When I was a child, I hated geography. Trying to memorize the names and locations of hundreds of continents, countries, states, and provinces all over the world frustrated me. Recalling long lists of capitals and natural resources was a task that made my head spin. Now that I’m charged with teaching geography to my children, I’m determined to make it a pleasant experience for both teacher and student.

This year, Sweet Pea, my fourth grader, is studying the United States region by region. As she studies each of the 8 distinct regions (Northeast, Middle Atlantic, Great Lakes, Upper Plains or Heartland, Southeast, Southwest, Rocky Mountains, and Far West), she completes a variety of activities. As part of her study, Sweet Pea must complete an in depth study of one state from each region.

A thorough teaching of United States geography requires lots of preparation and a number of varied resources. If you’re teaching regions of the United States, the following information may help you organize your thoughts and plan your course of study.

Here are the resources we use as we study the regions of the United States.

  • Which Way USA: Recently, a friend introduced me to Which Way USAa fantastic series of books and puzzles for each state. You can sign up for a delivery from Highlights. I considered doing so, but the books are only delivered every 5 or 6 weeks and books are sent randomly. There was no guarantee I’d get the books I wanted in a timely manner, so I purchased the entire Which Way USA set from Ebay at a very reasonable price.
  • Spectrum Geography: I’m using Spectrum Geography Grade 4: Regions of the USA to guide us in our study of the 50 states. It is an inexpensive but thorough consumable workbook that lays the foundation of our study. The book offers a general exploration of the regions of the United States including map skills, history, and culture. This is where we learn about the characteristics that bind the region together.
  • Lapbooks: I purchased and downloaded the State by State lapbook from Hands of a Child that can be used with any of the 50 states. I’m also using these free state lapbook printables from Homeschool Helper.  Lapbooking is a neat and organized way to present all the information about the state.
  • Sheppard Software: As we progress through our study, I allow Sweet Pea to visit this site to play games that teach her more about the states. Sheppard Software teaches her about capitals and land forms.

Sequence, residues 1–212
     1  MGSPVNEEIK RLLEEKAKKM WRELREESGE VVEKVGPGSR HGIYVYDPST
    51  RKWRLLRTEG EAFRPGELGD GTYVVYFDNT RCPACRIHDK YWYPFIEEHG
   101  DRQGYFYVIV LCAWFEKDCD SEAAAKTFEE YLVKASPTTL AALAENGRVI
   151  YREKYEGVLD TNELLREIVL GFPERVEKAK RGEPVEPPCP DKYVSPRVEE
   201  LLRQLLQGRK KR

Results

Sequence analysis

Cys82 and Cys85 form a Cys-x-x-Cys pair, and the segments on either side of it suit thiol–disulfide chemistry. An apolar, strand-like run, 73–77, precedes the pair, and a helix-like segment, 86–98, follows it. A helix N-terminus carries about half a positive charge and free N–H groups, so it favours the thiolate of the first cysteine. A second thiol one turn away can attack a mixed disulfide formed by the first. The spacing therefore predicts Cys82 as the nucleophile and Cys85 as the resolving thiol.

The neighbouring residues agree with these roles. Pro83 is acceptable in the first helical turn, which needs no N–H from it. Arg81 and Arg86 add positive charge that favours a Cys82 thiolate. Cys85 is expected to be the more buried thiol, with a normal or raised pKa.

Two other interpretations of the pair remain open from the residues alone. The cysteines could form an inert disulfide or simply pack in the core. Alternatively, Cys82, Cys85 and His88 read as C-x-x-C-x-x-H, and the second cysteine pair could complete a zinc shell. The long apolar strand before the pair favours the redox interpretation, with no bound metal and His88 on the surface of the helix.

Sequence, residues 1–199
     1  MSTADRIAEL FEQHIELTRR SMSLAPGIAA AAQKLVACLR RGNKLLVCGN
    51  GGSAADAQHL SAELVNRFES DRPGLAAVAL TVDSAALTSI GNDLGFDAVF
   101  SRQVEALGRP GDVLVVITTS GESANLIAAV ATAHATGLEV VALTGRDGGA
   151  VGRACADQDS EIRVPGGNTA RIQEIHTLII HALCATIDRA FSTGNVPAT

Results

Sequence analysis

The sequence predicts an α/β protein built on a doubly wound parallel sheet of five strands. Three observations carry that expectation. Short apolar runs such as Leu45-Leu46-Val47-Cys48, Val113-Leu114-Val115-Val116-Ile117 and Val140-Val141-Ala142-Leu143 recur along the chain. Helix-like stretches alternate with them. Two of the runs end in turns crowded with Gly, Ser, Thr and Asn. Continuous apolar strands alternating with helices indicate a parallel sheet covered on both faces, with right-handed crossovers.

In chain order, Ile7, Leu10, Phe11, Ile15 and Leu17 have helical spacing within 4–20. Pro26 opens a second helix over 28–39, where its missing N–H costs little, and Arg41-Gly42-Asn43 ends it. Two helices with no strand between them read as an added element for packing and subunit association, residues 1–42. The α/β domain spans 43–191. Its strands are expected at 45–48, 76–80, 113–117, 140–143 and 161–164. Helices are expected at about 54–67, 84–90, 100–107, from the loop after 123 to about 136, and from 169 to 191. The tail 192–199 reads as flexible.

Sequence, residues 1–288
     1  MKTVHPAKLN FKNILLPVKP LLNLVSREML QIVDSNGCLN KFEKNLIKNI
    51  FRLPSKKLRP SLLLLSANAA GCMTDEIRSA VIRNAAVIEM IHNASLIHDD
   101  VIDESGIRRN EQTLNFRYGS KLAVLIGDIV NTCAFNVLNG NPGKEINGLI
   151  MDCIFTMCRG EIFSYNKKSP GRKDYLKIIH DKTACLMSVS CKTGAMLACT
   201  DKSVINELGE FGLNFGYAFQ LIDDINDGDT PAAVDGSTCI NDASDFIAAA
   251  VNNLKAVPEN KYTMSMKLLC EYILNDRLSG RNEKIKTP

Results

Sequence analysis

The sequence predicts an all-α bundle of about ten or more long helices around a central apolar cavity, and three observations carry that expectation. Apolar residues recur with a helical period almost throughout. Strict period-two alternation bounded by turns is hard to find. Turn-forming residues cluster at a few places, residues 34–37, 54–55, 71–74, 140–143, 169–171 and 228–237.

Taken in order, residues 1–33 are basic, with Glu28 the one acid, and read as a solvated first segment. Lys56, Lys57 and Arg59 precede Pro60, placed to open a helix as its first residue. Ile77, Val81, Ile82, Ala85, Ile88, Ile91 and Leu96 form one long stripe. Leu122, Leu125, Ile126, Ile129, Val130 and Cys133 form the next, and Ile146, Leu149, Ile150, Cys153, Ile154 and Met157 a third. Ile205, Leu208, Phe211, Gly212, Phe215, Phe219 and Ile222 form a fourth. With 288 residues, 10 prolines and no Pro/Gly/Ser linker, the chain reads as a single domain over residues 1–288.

Here is the technique I use to teach the regions of the United States.

  1. Our study always begins with a trip to library. I check out ten to fifteen books about the region and the states within the region. My favorite books include The Young People’s Atlas of the United States by James Harrison and Eleanor Van Zandt and the From Sea to Shining Sea state series by various authors. These books remain in an accessible area so Sweet Pea can use them as she wants or needs. As she reads, I instruct her to choose a state from the region she’d like to learn more about.
  2. After she’s read about the region and its states, she completes a few pages in the Spectrum book. Sweet Pea is always required to complete the map work and cultural studies, but we often skip the book’s projects because she will create a state lapbook as a larger project.
  3. Once Sweet Pea has selected a state to study, I assemble her lapbook using sturdy colored file folders. During the next week or so, Sweet Pea begins to fill its sections and flaps with information about the state. Information includes a map of the state, history of the state, state flag, physical features, popular state recipes, famous state residents, state bird/flower/animal, and any other information she finds noteworthy. She uses the library books we have checked out to find useful information about the state.
  4. As she works on the lapbook, Sweet Pea learns even more about the region by reading and completing activities in the states’ Which Way USA books.

Teaching geography can be intimidating, but if you have an action plan and good resources, your teaching will be out of this world!

 Photo courtesy of Eric Fischer/Flickr

About Andrea @Embracing Him

Andrea is a Christian, life long Jersey girl, blessed wife, and mother of three darling daughters, ages 9, 7, and 2. She maintains a blog at Embracing Him, where she writes about faith, family, food, and homeschooling. A former public school teacher turned passionate home educator, Andrea loves teaching her lively trio in the comfort of their home. When not homeschooling or working at her computer, Andrea can be found hanging out with friends and family, serving in the children’s ministries at her church, cheering loudly at track meets and soccer games, cooking up great dishes in the kitchen, and zipping down the highway in her well-loved minivan. Visit Andrea at Embracing Him.

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